• By 2000, apparently, the average North Korean family drew 80% of its income from small businesses (technically illegal, but the law not enforced).   As of 2104, farmers could keep 60% of their produce, hire and fire workers, decide whom they do business with and where they buy supplies. 
  • After 2002, private markets for food sales became legal, and food shopping is often done in these markets although some part of the population still gets its food from the state distribution system. There are shopping malls in Pyongyang (reportedly selling ten different kinds of toothpaste!)  Food production is strongest for rice, fresh fruit and apples, but historically low (even in good times) for protein, although fish is prominent.

Banking:

  • In 2004-6, rules were codified for savings and commercial banking.  Competing electronic cash cards are widely accepted in the cities, but not linked to bank accounts.  Banks accept payments, for example, for cell phones.   Meanwhile, it is said that North Korea has much of its cash reserves in banks in China (thereby avoiding sanctions?)
  • Foreign banks (Chinese) operating in North Korea were officially closed in 2014, but still operate in border areas and are used for foreign exchange.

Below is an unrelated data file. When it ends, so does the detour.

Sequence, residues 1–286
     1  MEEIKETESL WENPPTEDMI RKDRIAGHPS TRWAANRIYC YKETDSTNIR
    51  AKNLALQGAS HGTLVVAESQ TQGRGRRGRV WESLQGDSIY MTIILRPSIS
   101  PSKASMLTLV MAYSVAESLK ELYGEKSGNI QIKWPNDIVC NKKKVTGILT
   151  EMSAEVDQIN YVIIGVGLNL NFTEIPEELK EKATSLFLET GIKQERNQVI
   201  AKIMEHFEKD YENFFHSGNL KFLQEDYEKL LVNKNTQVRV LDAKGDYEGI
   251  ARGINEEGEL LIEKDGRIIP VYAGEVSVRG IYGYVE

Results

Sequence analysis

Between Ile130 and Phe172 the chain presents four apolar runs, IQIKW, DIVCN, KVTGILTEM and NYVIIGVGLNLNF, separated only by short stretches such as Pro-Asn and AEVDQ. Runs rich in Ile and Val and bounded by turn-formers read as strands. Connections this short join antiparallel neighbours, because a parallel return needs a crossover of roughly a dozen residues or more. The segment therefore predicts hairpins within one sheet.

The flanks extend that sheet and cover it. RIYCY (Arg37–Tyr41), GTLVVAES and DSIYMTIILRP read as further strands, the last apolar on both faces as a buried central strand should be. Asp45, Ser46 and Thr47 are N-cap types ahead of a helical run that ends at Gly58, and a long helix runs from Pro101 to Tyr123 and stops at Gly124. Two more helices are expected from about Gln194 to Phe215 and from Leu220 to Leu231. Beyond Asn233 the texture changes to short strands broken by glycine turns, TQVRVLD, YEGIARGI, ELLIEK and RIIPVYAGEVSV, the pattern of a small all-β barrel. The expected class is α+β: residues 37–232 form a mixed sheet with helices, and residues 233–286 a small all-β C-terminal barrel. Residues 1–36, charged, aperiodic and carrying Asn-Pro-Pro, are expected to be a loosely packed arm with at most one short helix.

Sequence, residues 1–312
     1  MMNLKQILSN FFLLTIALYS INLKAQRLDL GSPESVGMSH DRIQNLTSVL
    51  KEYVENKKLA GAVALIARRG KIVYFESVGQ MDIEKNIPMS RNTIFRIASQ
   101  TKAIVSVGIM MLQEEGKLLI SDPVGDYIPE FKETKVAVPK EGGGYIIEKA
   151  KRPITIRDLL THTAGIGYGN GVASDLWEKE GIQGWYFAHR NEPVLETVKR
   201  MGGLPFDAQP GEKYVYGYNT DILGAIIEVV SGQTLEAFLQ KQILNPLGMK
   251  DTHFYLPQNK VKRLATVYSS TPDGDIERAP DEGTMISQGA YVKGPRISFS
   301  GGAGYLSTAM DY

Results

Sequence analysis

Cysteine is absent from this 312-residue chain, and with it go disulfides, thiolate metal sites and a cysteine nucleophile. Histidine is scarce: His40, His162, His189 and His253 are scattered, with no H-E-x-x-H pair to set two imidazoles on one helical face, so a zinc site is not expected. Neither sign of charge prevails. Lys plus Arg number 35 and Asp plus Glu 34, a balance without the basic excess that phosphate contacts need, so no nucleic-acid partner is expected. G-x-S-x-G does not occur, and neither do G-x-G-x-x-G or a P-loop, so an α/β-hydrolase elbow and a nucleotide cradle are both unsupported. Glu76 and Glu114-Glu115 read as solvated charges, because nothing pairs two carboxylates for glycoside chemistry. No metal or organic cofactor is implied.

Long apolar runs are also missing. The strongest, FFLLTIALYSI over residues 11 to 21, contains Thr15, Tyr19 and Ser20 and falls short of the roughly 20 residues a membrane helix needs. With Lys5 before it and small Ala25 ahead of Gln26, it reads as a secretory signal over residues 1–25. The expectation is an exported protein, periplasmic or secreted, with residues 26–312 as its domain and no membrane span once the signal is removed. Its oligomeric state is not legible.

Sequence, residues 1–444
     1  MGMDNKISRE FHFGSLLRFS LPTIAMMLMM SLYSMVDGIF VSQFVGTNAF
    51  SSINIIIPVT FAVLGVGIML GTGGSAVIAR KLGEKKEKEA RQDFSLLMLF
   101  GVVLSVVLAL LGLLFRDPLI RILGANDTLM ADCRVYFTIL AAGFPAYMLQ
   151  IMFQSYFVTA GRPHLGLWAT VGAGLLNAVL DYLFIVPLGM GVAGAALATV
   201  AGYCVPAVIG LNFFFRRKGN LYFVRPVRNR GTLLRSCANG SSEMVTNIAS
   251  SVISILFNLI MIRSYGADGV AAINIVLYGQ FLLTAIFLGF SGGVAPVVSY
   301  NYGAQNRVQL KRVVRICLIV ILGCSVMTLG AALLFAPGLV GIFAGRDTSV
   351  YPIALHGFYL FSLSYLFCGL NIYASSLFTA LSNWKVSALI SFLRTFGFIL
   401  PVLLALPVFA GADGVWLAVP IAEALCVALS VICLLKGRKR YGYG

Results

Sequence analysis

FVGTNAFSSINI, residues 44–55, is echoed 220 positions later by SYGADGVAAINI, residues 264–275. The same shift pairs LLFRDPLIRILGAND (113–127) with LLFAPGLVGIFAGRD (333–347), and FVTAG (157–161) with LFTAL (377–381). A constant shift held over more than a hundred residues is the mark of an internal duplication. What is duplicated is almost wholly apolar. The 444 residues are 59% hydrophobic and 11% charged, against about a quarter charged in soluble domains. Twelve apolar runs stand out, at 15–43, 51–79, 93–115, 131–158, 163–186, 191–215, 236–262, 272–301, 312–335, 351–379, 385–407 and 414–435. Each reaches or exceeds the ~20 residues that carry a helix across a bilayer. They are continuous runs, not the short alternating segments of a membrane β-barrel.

Foreign investment, Trade, Aid and International Alliances: 

  • At some periods, North Korea has welcomed and gained foreign investment.  Most has now dried up, not just because of sanctions.  North Korea had restricted currency outflows, pegging its currency at an official rate for foreign exchange purposes, a rate that is well above the market rate.  North Korea also demanded reinvestment of profits within the country.  In the past, it has defaulted on loans.  
  • Before the very recent sanctions, North Korea had trade relations with South Korea.  Until now, it has exported coal to China, its overwhelmingly primary trading partner in recent years..
  • During its economic hard times, North Korea has received extensive humanitarian aid from countries including OECD, the UN, the USA, Europe, and at some periods, from as its sometimes allies, Russia and China.  Some claim it receives aid still, channeled through UN agencies, but it is hard to evaluate these claims.
  • North Korea is a signatory to many of the environmental conventions but not the IJC.

Sources include: BBC, The Guardian,  CIA World Facts, everyculture.com, Wikipedia (in this case an excellent source)al jazeera, cnn/money, voa news, Metro and the Express (UK),  EU ECHO, Migration Information Source, Investopedia, CNBC, Reuters, Bloomberg, The Economist, The New Yorker, Bulletin of Atomic Scientists and the New World Encyclopedia.  Where we have read, but have no confirming source for the information, we use the awkward but accurate phrase “It is said that...”